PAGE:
Affirmative Action: When class is not enough

Photo credit: LA Times
Photo credit: LA Times

Over the last two weeks, I’ve written a series of posts about affirmative action initiated by the fight over SCA5, a bill that would have amended the California constitution to repeal Prop 209 for public education and restore narrow considerations of race to the college admissions process as part of holistic review of qualified applicants. SCA5 was withdrawn after backlash from Asian American voters, but the fight over the morality of race-based affirmative action rages on — particularly in the comments section of my posts, where I’ve been privileged to host several forums to encourage further discussion on this subject.

One significant point of contention is the use of race vs. class in affirmative action. Whereas some SCA5 opponents have lobbed radically non-factual charges against race-based affirmative action, others are more moderate in their counter arguments; they assert that whereas use of race-based information is discriminatory, class-based affirmative action is a reasonable alternative.

And, indeed, the fight over race vs. class-based affirmative action has persisted in liberal circles for years; most recently, support of class-based affirmative action was cited as part of Tanner Colby’s diatribe against race-based affirmative action in Slate.

The focus on class-based affirmative action is appealing to some liberals precisely because it rejects the unseemly conversations of race that can force a conversation on White privilege. Instead, it blames minority underachievement on classism, not racism, and leaves liberals comfortably in support of increased state spending on social services. Tacitly, they argue, if poor minorities can’t pull themselves up by their bootstraps after we address the impacts of their poverty, their failures must then be their fault. In short, arguments in support of class-based affirmative action is viewed as a panacea for social iniquity, with a concurrent, explicit denial of any further impact of institutional racism on underrepresented minority students.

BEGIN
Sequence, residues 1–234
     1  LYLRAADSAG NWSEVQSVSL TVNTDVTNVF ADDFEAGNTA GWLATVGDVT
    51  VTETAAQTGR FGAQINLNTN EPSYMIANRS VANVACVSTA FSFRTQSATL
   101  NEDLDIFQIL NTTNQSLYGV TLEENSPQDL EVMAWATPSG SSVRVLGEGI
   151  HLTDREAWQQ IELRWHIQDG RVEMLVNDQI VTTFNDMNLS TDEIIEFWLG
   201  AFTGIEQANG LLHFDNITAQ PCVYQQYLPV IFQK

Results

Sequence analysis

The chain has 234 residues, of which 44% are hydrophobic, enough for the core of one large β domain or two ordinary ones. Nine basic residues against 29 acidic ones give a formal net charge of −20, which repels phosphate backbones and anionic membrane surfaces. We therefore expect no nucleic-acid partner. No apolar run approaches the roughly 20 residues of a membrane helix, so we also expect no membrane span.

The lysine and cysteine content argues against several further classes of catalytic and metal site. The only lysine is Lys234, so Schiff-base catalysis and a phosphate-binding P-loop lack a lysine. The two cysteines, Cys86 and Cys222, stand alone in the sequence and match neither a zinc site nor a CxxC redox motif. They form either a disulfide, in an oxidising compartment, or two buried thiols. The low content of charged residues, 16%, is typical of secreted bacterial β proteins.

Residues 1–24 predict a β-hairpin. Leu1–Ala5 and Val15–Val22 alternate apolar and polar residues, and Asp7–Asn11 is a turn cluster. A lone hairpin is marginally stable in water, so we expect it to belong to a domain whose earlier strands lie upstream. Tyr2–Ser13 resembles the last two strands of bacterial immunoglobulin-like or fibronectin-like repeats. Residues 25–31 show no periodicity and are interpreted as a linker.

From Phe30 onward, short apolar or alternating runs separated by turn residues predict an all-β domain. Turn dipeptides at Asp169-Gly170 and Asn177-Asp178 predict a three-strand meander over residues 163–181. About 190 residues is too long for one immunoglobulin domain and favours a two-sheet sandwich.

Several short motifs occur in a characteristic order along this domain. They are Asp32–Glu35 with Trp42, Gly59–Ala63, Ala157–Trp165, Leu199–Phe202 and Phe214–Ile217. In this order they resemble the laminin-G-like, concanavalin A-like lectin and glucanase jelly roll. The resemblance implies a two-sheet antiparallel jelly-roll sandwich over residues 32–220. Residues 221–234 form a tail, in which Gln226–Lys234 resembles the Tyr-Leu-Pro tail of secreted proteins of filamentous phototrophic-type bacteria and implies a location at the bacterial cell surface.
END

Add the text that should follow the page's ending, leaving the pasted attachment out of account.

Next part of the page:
Ironically, the UC system under Prop 209 provides the perfect counter-argument to these charges. California’s public education system, with its late-90’s rejection of race-based admissions, provide the ideal demonstration of the inadequacies of purportedly “colour-blind” admissions policies that engage in class-based affirmative action in the absence of racial consideration.

Or, as Scot Nakagawa points out, post-Prop 209 college admissions in the UC system demonstrate that “in a racially inequitable society, color blind solutions end up reflecting that inequitable context and often even contributes to its perpetuation.”

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Creationist teacher calls Buddhist Thai American student’s faith “stupid”

Sabine Parish Superintendent Sara Ebarb
Sabine Parish Superintendent Sara Ebarb

This is why we need to protect the separation between church and state, and keep religion out of public schools.

The ACLU took a Louisiana school to court earlier this year after Negreet High school science teacher, Rita Roark, repeatedly denigrated the religious faith of a Buddhist student of Thai descent, calling both Buddhism and Hinduism “stupid”. One incident occurred after the student — identified as C.C. in the lawsuit — refused to answer Ms. Roark’s test question: “ISN’T IT AMAZING WHAT THE _____________ HAS MADE!!!!!!!!!!!!!!!!!!!!!!!!!!!!!!!!”

According to Ms. Roark, the right answer was “Lord”, and she requires all her students to answer “correctly” for test credit. She marked the question incorrect and publicly shamed C.C. when he first failed to answer the question, and then when he attempted to answer the question with “Lord Boda [sic]” —  a reference to his Buddhist faith — when it appeared on a second exam.

In both incidents, Ms. Roark proclaimed it “stupid” to not fill in a reference to the Christian God, and encouraged her students to also verbally humiliate C.C. for not doing so.

Seriously.

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#DayofRemembrance: 12 images of anti-Japanese xenophobia from the 1940’s (and earlier)

EX9066

72 years ago today, President Franklin D. Roosevelt signed Executive Order 9066, which established military zones in the West Coast, eventually empowering the government to round-up and forcibly intern Japanese Americans during  World War II in one of this government’s worst examples of mass violation of American civil rights. 

To remember this second day that should also live on in infamy (lest we forget the crimes and horrors that were conducted in the name of racism), here are 12 images that capture the anti-Japanese xenophobia and hatred of the era, that helped compel and support the signing of E.O. 9066.

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